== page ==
Poxvirus is a disease that forms skin lesions on dolphins. It has been observed in both free-ranging and captive bottlenose dolphins.The large patches are made up of smaller spots. The color and size can change rapidly. The disease occurs frequently in captive dolphins and is endemic in some colonies. Dolphinpox is not contagious to humans like the pinniped version of the disease. In captivity, there appears to be a correlation between pox-like lesions and stress, environmental conditions, and the overall health of the animal. Poxvirus is not immunosuppressive unlike the cetacean morbillivirus. Poxvirus could worsen due to water temperature and quality, salinity levels or periods of environmental, physical, and/or mental stress. Dolphins under natural conditions often tolerate salinity changes, yet in captivity they have been destroyed by the combined effects of an otherwise mild disease superimposed on a severe skin condition resulting from overly dilute water.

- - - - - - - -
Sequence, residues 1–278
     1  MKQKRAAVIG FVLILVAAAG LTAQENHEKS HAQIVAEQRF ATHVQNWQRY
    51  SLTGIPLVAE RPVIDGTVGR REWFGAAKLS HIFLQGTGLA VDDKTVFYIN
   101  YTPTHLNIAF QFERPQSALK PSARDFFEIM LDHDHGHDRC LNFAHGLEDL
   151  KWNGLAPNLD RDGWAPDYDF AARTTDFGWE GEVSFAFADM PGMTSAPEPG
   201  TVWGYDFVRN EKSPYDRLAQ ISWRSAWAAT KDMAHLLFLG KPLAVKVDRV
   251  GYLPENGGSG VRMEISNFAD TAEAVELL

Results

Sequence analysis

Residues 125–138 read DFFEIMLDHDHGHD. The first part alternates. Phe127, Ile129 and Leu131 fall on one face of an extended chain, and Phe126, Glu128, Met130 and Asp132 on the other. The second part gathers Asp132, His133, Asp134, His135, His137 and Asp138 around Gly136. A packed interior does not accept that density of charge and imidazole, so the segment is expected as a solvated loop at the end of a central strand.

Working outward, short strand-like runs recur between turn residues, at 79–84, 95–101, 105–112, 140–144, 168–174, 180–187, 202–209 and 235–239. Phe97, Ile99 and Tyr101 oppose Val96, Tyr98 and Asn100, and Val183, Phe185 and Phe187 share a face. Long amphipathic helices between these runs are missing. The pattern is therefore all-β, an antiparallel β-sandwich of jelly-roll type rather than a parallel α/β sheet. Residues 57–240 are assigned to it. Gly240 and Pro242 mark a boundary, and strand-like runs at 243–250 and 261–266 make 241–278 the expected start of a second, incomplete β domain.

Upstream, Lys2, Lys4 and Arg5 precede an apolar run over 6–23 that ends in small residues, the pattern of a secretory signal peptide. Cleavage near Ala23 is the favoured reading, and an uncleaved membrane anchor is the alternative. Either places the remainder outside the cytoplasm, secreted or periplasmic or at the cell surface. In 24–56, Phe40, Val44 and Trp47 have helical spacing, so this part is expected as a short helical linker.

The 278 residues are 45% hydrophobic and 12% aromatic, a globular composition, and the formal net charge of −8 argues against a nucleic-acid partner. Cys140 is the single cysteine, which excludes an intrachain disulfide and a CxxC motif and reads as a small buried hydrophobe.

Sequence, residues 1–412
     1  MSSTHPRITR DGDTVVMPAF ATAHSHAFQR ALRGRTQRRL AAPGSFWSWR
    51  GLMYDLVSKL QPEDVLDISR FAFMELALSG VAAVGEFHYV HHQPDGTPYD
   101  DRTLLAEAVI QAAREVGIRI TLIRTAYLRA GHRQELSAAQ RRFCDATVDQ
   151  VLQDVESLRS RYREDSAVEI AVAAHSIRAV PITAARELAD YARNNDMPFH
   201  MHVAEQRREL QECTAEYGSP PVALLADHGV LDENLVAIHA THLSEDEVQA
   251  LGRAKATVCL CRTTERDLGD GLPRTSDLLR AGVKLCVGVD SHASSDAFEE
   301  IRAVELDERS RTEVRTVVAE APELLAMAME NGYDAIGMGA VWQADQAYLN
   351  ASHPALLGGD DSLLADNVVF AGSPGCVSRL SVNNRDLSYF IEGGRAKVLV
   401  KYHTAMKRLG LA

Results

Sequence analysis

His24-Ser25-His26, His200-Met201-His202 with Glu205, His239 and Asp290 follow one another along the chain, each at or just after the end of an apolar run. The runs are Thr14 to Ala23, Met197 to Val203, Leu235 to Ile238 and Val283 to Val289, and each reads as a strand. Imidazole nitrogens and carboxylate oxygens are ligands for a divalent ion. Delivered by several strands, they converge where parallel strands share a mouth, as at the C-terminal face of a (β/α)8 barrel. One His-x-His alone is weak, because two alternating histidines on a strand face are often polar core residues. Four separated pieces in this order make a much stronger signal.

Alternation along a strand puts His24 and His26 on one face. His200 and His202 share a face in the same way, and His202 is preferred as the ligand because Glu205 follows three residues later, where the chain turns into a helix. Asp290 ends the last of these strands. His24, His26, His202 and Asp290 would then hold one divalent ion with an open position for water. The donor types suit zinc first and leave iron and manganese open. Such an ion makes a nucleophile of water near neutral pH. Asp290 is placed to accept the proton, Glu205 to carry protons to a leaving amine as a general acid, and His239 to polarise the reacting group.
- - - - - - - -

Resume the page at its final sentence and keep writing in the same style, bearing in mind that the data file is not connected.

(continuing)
We have been reporting on Maverick’s condition with the poxvirus since January 2014. He has shown signs of the disease for a minimum of 2 years. The disease did not pop up in the Mirage habitat until just months after Seaworld Orlando shipped Beetle and Cosmo over. This according to photo evidence archived on Flickr. Orlando is still dealing with the poxvirus as shown in photos sent to me in August 2014. 

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